EPA and MPCA Announce $6M Sediment Cleanup in the St. Louis River Area of Concern in Scanlon, Minnesota
CHICAGO (August 23, 2021) –U.S. Environmental Protection Agency and Minnesota Pollution Control Agency have signed a $6 million agreement to address and clean up contaminated sediment in the Scanlon Reservoir in Scanlon, Minnesota. Slated to begin this fall, the project will employ new remediation technologies to improve the habitat for fish and wildlife.
"Our long-standing partnership with MPCA is crucial to cleaning up and restoring the St. Louis River area of concern,” said acting EPA Regional Administrator Cheryl Newton. “We’re committed to restoring the Great Lakes and preserving this incredible resource for future generations.”
Under the project agreement, MPCA will contribute up to $2.1 million of the total estimated project cost of $6 million and EPA will fund the rest. The U.S. Army Corps of Engineers will also support this GLRI project.
“This vital project and investment moves us one step closer to our ultimate goal of removing one of the Great Lakes’ most important waterways from the Great Lakes Area of Concern List,” said MPCA Commissioner Peter Tester. “In partnering with federal, state, local, and tribal governments, as well as other stakeholders, our work to restore and revitalize the St. Louis River will support healthy families, recreation, and a vibrant local economy well into the future.”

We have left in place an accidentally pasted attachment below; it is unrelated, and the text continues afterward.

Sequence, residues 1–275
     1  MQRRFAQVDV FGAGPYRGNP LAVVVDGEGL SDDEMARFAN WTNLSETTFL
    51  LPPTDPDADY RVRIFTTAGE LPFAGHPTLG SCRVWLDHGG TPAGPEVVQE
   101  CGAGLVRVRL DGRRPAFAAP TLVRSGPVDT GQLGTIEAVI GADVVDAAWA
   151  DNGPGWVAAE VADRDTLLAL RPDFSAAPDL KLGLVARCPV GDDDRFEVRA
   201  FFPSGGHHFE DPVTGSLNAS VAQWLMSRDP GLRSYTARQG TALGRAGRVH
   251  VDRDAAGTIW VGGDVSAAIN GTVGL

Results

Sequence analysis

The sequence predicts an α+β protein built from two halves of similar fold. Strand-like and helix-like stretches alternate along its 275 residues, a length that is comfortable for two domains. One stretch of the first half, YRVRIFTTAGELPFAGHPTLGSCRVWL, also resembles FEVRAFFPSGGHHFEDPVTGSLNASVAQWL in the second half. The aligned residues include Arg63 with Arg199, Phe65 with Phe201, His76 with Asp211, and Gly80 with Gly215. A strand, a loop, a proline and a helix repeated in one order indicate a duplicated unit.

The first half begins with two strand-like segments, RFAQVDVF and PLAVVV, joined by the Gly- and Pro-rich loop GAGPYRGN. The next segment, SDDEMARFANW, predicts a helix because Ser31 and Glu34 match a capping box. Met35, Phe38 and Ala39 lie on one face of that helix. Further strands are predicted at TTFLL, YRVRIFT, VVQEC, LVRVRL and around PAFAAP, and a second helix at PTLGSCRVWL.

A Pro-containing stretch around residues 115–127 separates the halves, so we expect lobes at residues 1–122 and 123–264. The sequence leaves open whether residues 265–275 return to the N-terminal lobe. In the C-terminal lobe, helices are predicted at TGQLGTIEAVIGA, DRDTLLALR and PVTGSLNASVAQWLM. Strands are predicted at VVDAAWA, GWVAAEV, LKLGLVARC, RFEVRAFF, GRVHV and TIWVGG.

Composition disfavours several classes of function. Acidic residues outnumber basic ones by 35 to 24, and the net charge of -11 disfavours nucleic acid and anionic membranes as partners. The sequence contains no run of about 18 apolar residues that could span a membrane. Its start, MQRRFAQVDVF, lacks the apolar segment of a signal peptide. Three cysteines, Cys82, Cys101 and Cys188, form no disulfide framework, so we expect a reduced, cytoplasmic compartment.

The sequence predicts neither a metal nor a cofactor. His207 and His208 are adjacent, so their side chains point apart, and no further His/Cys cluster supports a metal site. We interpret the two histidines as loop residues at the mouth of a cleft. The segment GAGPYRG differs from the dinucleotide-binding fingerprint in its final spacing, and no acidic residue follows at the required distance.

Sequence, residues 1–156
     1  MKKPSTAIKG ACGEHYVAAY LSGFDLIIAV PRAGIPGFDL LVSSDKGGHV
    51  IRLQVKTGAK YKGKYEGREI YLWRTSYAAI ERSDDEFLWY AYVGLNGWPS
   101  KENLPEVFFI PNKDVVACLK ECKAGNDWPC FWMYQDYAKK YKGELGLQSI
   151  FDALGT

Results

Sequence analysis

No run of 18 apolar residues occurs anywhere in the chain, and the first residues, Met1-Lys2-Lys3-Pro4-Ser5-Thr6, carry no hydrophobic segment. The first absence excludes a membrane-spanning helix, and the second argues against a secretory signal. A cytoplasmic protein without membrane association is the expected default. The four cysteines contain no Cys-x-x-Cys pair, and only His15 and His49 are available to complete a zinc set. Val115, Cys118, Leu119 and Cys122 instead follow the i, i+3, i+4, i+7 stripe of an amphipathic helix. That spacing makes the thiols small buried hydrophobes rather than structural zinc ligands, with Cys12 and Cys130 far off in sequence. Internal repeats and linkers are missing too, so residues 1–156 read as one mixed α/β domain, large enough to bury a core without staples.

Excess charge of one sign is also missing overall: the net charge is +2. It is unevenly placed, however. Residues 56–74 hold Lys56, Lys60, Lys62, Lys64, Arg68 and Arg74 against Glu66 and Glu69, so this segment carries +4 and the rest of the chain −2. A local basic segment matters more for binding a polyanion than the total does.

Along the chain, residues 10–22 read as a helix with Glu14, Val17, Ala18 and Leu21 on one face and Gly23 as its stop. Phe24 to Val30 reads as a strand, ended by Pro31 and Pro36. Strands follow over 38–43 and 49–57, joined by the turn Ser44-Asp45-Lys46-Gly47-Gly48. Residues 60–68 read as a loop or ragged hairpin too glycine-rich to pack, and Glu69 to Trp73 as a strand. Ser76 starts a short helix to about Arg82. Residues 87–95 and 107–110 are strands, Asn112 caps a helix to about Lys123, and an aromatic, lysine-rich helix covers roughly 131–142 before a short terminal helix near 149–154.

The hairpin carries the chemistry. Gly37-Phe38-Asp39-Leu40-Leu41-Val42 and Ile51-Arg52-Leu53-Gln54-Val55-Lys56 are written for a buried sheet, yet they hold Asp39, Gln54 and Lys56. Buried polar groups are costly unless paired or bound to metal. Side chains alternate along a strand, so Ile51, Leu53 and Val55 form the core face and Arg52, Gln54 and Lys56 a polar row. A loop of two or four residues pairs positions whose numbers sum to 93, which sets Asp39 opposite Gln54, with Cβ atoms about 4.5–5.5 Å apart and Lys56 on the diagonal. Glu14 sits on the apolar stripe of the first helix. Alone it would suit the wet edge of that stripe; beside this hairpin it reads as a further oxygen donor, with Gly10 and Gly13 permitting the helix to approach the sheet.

The project will address approximately 55,000 cubic yards of contaminated sediment in the reservoir, located just upstream of the Scanlon Hydroelectric Station in the St. Louis River Area of Concern. This will involve a novel, pilot remedy where a thin layer of carbon will be applied across 14 acres of the 43-acre reservoir. Different techniques will be used to apply the carbon depending on the depth of the water. The carbon layer will prevent the pollution from accumulating in the small organisms on the bottom of the food chain and will benefit the fish populations which rely on them for food. Native plants on the land near the reservoir will also be restored.
This project is part of the larger effort to restore and protect the Great Lakes through the Great Lakes Restoration Initiative. The GLRI launched in 2010 as a non-regulatory program to accelerate efforts to protect and restore the largest system of fresh surface water in the world.
The St. Louis River AOC is one of 43 original AOCs identified by the United States and Canada in the mid-1980s as the most environmentally degraded areas in the Great Lakes ecosystem and is the second largest AOC in the United States. To date, five of the 31 original AOCs in the U.S. have been cleaned up and “delisted,” and substantial cleanup efforts are now underway at many more, including the St Louis River AOC.